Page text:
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Knoxville Personal Injury Lawyer > Tennessee NeuroBlate Probe Lawyer

Tennessee NeuroBlate Probe Lawyer

Brain surgery is one of the most complex medical procedures a person can undergo. Given the inherent risk for permanent brain damage or death, surgeons must exercise great care in selecting and using instruments designed to treat brain tumors. And if there is any reason to believe these tools are dangerous or defective in design, they need to be pulled from the market without delay.

This is exactly what the U.S. Food and Drug Administration (FDA) recently did with respect to the NeuroBalte probe produced by Monteris Medical. NeuroBlate is part of a larger surgical system produced by Monteris to remove, thicken or solidify, or destroy cells in brain tissue such as tumors. The NeuroBlate probate itself is a set of small, carbon dioxide-cooled catheters that allow the surgeon minimally invasive access to the patient’s brain tissue.

Unfortunately, the FDA issued a Class I recall for the NeuroBlate probe in March 2018. This is the strictest form of regulatory recall available under federal law. The FDA said it was compelled to act after Monteris Medical’s previous efforts at a voluntary recall failed to “significantly mitigate” the safety hazard posed by the NeuroBalte probe.

If you, or someone in your family, has sustained serious injury as the result of a defective NeuroBlate probe, you may be entitled to seek compensation from Monteris Medical and other parties. The qualified Tennessee NeuroBlate probe lawyers at Fox & Farley can review your case and help you decide what legal action may be appropriate.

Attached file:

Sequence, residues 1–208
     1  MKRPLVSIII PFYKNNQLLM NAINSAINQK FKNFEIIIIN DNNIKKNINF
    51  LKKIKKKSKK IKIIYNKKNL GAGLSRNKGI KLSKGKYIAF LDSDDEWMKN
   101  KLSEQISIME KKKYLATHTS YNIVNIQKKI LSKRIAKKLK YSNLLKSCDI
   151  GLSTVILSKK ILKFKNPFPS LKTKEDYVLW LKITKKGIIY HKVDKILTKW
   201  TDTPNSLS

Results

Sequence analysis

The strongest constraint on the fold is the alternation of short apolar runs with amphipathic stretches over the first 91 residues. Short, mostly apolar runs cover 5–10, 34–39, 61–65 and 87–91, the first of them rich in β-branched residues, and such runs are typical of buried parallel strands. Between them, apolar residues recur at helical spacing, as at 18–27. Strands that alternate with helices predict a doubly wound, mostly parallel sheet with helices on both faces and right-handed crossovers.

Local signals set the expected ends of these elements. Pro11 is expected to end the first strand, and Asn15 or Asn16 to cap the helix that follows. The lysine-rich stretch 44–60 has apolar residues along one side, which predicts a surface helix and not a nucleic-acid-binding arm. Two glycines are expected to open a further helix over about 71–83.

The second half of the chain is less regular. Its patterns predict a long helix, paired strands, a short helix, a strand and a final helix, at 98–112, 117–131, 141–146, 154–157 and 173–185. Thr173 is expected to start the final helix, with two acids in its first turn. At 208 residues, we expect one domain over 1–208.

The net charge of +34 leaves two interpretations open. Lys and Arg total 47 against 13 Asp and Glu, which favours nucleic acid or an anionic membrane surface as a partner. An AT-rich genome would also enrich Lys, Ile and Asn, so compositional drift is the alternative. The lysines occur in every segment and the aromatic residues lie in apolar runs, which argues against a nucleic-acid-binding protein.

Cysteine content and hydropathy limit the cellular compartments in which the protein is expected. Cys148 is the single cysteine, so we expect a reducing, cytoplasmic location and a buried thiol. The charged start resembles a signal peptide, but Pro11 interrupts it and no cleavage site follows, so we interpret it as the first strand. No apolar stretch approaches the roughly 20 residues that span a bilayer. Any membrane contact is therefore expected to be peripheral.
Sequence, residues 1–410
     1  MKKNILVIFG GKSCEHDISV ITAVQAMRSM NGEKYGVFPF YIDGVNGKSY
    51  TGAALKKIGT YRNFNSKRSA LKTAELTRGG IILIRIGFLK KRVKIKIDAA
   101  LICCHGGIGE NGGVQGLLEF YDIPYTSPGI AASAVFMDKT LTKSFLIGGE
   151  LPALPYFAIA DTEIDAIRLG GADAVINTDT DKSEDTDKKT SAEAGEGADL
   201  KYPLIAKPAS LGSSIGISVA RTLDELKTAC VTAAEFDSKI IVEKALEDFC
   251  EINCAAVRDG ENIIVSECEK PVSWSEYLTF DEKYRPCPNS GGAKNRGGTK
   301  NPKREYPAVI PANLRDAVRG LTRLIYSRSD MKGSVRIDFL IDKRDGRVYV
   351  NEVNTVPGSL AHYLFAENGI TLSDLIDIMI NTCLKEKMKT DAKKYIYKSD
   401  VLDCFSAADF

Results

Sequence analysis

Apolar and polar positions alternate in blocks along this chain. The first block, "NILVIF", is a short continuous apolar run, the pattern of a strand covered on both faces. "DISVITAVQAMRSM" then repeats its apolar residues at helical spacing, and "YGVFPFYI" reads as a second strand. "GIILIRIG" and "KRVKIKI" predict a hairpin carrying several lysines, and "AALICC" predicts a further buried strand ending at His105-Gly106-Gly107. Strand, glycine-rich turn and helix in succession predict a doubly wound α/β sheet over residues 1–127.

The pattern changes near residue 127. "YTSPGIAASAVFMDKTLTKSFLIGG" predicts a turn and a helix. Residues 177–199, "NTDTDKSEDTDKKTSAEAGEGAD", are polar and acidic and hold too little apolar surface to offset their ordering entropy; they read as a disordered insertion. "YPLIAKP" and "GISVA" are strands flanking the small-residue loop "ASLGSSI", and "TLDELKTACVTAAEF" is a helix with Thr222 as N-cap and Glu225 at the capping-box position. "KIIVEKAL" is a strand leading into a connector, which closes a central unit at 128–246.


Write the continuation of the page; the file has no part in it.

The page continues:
Why Did the FDA Issue a Class I Recall?

The main problem with the NeuroBlate probe is easy to explain: the FDA received multiple reports where the devices overheated while inside a patient’s brain, causing “unintended damage” to the surrounding tissue. The FDA also found that when the probes overheated, some of the carbon dioxide gas used to cool the system also leaked into the patient’s brain. In at least one case, the FDA said a patient suffered “an intracranial hemorrhage and died” after a NeuroBlate probe overheated.

Given the risk of significant danger of death or serious injury, the FDA issued a Class I recall. This is the most urgent category of recall. In a letter to healthcare providers, the FDA said doctors “should strongly consider patients using alternative procedures” to the NeuroBlate probes. And if there are no “viable alternatives” for treatment, providers should still proceed “with extreme caution” in using the recalled devices.

Call Fox & Farley Today to Learn About Your Legal Options

If your healthcare provider has used the NeuroBlate probe following the recall–or you were injured by the devices beforehand–you should speak with an experienced Tennessee defective medical device lawyer as soon as possible. These types of personal injury claims are inherently complex. The mere fact the FDA issued a recall does not mean you are automatically entitled to damages. But it does put you on-notice that you need to seriously consider your legal options.

The attorneys at Fox & Farley can help. We serve clients in Knoxville and throughout Tennessee. Call us today at 866-862-4855 to schedule a free, no-obligation consultation.

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